• 2019 Update 3
  • 03/07/2019
  • Public Content
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Contents

Errors fall into two different categories:
  • Local errors that need only the information available in the process itself and do not require additional communication between processes
  • Global errors that require information from other processes
Another aspect of errors is whether the application can continue after they occurred. Minor problems are reported as warnings and allow the application to continue, but they lead to resource leaks or portability problems. Real errors are invalid operations that can only be skipped to proceed, but this either changes the application semantic (for example, transmission errors) or leads to follow-up errors (for example, skipping an invalid send can lead to a deadlock because of the missing message). Fatal errors cannot be resolved at all and require an application shutdown.
Problems are counted separately per process. Disabled errors are neither reported nor counted, even if they still happen to be detected. The application will be aborted as soon as a certain number of errors are encountered: obviously the first fatal error always requires an abort. Once the number of errors reaches
CHECK-MAX-ERRORS
or the total number of reports (regardless whether they are warnings or errors) reaches
CHECK-MAX-REPORTS
(whatever comes first), the application is aborted. These limits apply to each process separately. Even if one process gets stopped, the other processes are allowed to continue to see whether they run into further errors. The whole application is then aborted after a certain trace period. This timeout can be set through
CHECK-TIMEOUT
.
The default for
CHECK-MAX-ERRORS
is
1
so that the first error already aborts, whereas
CHECK-MAX-REPORTS
is at
100
and thus that many warnings errors are allowed. Setting both values to
0
removes the limits. Setting
CHECK-MAX-REPORTS
to
1
turns the first warning into a reason to abort.
When using an interactive debugger the limits can be set to 0 manually and thus removed, because the user can decide to abort using the normal debugger facilities for application shutdown. If he chooses to continue then Intel® Trace Collector will skip over warnings and non-fatal errors and try to proceed. Fatal errors still force Intel® Trace Collector to abort the application.
See the lists of supported errors (the description provides just a few keywords for each error, a more detailed description can be found in the following sections).
Local Errors
Error Name
Type
Description
LOCAL:EXIT:SIGNAL
Fatal
Process terminated by fatal signal
LOCAL:EXIT:BEFORE_MPI_FINALIZE
Fatal
Process exits without calling
MPI_Finalize()
LOCAL:MPI:CALL_FAILED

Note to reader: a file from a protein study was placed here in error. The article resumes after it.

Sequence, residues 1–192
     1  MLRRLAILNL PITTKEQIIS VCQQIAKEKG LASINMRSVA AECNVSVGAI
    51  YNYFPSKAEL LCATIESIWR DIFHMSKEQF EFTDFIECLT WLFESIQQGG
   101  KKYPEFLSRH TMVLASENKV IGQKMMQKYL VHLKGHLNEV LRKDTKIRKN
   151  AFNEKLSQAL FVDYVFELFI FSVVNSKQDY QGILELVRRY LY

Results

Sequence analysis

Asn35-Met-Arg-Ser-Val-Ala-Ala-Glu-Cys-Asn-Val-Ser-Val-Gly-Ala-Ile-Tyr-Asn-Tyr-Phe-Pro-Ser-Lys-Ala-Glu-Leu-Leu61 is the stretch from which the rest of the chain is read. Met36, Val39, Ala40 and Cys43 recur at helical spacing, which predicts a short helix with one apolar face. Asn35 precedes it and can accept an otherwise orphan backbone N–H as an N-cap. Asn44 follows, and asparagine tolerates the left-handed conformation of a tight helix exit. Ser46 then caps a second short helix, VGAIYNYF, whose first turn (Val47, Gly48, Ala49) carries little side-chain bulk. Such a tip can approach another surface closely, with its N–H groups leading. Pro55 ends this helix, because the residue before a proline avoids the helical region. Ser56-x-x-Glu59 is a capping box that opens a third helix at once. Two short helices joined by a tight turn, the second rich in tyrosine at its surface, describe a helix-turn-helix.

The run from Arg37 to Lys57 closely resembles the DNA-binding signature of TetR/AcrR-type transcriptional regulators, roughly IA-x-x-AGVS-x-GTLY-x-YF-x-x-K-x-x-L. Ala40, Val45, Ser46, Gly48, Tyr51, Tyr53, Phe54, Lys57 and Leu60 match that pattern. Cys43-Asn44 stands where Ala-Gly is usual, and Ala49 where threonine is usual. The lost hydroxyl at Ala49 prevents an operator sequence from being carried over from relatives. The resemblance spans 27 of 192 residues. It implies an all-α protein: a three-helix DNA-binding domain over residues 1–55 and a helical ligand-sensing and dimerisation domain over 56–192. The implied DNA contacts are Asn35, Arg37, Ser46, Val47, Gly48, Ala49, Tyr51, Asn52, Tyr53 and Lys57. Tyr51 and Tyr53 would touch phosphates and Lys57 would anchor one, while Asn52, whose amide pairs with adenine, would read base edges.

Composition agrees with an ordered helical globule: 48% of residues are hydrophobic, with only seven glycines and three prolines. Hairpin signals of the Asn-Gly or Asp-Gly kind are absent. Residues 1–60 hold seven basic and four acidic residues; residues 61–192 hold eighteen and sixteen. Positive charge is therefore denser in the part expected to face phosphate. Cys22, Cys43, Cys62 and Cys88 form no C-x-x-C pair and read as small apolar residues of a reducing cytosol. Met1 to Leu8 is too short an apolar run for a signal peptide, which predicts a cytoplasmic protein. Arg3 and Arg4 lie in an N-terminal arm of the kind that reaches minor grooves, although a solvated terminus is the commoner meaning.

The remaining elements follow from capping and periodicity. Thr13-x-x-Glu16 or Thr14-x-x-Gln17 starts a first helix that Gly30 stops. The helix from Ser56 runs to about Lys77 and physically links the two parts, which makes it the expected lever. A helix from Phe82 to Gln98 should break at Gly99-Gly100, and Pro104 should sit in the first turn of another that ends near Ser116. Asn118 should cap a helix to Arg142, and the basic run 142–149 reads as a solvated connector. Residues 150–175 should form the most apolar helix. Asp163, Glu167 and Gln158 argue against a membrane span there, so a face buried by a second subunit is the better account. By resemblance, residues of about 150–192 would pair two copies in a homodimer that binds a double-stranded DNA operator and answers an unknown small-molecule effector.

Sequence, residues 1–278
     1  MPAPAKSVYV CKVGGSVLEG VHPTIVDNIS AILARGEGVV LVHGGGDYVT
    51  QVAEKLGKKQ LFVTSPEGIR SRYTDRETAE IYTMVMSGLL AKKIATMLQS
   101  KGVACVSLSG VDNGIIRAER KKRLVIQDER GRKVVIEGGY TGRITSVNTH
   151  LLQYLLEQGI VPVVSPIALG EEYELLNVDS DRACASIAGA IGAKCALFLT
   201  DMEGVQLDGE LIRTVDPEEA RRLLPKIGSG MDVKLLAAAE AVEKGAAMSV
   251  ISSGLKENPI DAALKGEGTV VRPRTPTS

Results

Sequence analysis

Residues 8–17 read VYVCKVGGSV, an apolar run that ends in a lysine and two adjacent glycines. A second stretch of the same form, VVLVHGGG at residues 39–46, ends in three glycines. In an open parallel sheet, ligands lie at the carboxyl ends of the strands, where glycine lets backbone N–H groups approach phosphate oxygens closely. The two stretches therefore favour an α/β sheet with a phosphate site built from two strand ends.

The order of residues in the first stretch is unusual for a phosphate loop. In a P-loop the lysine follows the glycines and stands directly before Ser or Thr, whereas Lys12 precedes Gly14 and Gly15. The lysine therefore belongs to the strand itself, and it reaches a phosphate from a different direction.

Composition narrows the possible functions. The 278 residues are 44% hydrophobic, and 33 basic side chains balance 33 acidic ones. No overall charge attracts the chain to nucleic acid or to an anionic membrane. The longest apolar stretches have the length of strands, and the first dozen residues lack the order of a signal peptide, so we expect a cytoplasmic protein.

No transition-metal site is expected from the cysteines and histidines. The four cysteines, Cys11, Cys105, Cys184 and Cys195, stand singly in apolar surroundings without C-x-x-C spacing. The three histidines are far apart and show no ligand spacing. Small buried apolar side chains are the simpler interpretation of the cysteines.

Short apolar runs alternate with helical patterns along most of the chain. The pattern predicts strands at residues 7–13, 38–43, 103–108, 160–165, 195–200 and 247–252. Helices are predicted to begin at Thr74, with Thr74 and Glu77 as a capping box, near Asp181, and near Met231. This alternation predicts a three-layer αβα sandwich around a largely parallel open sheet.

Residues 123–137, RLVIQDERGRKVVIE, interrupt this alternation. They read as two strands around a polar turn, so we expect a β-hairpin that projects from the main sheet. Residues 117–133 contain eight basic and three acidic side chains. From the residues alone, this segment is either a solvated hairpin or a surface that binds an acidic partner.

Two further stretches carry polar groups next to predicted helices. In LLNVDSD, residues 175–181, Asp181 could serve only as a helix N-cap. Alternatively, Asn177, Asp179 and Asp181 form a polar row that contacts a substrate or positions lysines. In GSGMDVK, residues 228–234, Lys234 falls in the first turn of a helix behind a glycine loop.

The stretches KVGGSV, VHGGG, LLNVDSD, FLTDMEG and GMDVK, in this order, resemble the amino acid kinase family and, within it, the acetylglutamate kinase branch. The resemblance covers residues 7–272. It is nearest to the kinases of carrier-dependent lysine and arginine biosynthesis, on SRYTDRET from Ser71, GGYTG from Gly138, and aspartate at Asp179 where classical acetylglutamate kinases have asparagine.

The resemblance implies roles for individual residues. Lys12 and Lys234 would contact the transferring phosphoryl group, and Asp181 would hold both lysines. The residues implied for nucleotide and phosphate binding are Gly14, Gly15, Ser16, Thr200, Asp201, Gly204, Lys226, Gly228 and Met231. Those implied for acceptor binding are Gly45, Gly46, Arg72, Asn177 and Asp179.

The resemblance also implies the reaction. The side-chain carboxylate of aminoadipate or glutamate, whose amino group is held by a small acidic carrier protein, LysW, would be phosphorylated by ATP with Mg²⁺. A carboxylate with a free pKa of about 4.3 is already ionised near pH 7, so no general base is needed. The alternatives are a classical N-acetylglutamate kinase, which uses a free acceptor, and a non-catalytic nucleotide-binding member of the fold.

Depends on MPI and error
MPI itself or wrapper detects an error
LOCAL:MEMORY:OVERLAP
Warning
Multiple MPI operations are started using the same memory
LOCAL:MEMORY:ILLEGAL_MODIFICATION
Error
Data modified while owned by MPI
LOCAL:MEMORY:INACCESSIBLE
Error
Buffer given to MPI cannot be read or written
LOCAL:MEMORY:ILLEGAL_ACCESS
Error
Read or write access to memory currently owned by MPI
LOCAL:MEMORY:INITIALIZATION
Error
Distributed memory checking
LOCAL:REQUEST:ILLEGAL_CALL
Error
Invalid sequence of calls
LOCAL:REQUEST:NOT_FREED
Warning
Program creates suspiciously high number of requests or exits with pending requests
LOCAL:REQUEST:PREMATURE_FREE
Warning
An active request has been freed
LOCAL:DATATYPE:NOT_FREED
Warning
Program creates high number of data types
LOCAL:BUFFER:INSUFFICIENT_BUFFER
Warning
Not enough space for buffered send
Global Errors
Error Name
Type
Description
GLOBAL:MSG/COLLECTIVE:DATATYPE:MISMATCH
Error
The type signature does not match
GLOBAL:MSG/COLLECTIVE:DATA_TRANSMISSION_CORRUPTED
Error
Data modified during transmission
GLOBAL:MSG:PENDING
Warning
Program terminates with unreceived messages
GLOBAL:DEADLOCK:HARD
Fatal
A cycle of processes waiting for each other
GLOBAL:DEADLOCK:POTENTIAL
Fatal
a
A cycle of processes, one or more in blocking send
GLOBAL:DEADLOCK:NO_PROGRESS
Warning
Warning when application might be stuck
GLOBAL:COLLECTIVE:OPERATION_MISMATCH
Error
Processes enter different collective operations
GLOBAL:COLLECTIVE:SIZE_MISMATCH
Error
More or less data than expected
GLOBAL:COLLECTIVE:REDUCTION_OPERATION_MISMATCH
Error
Reduction operation inconsistent
GLOBAL:COLLECTIVE:ROOT_MISMATCH
Error
Root parameter inconsistent
GLOBAL:COLLECTIVE:INVALID_PARAMETER
Error
Invalid parameter for collective operation
GLOBAL:COLLECTIVE:COMM_FREE_MISMATCH
Warning
MPI_Comm_free()
must be called collectively
a
if check is enabled, otherwise it depends on the MPI implementation

Product and Performance Information

1

Intel's compilers may or may not optimize to the same degree for non-Intel microprocessors for optimizations that are not unique to Intel microprocessors. These optimizations include SSE2, SSE3, and SSSE3 instruction sets and other optimizations. Intel does not guarantee the availability, functionality, or effectiveness of any optimization on microprocessors not manufactured by Intel. Microprocessor-dependent optimizations in this product are intended for use with Intel microprocessors. Certain optimizations not specific to Intel microarchitecture are reserved for Intel microprocessors. Please refer to the applicable product User and Reference Guides for more information regarding the specific instruction sets covered by this notice.

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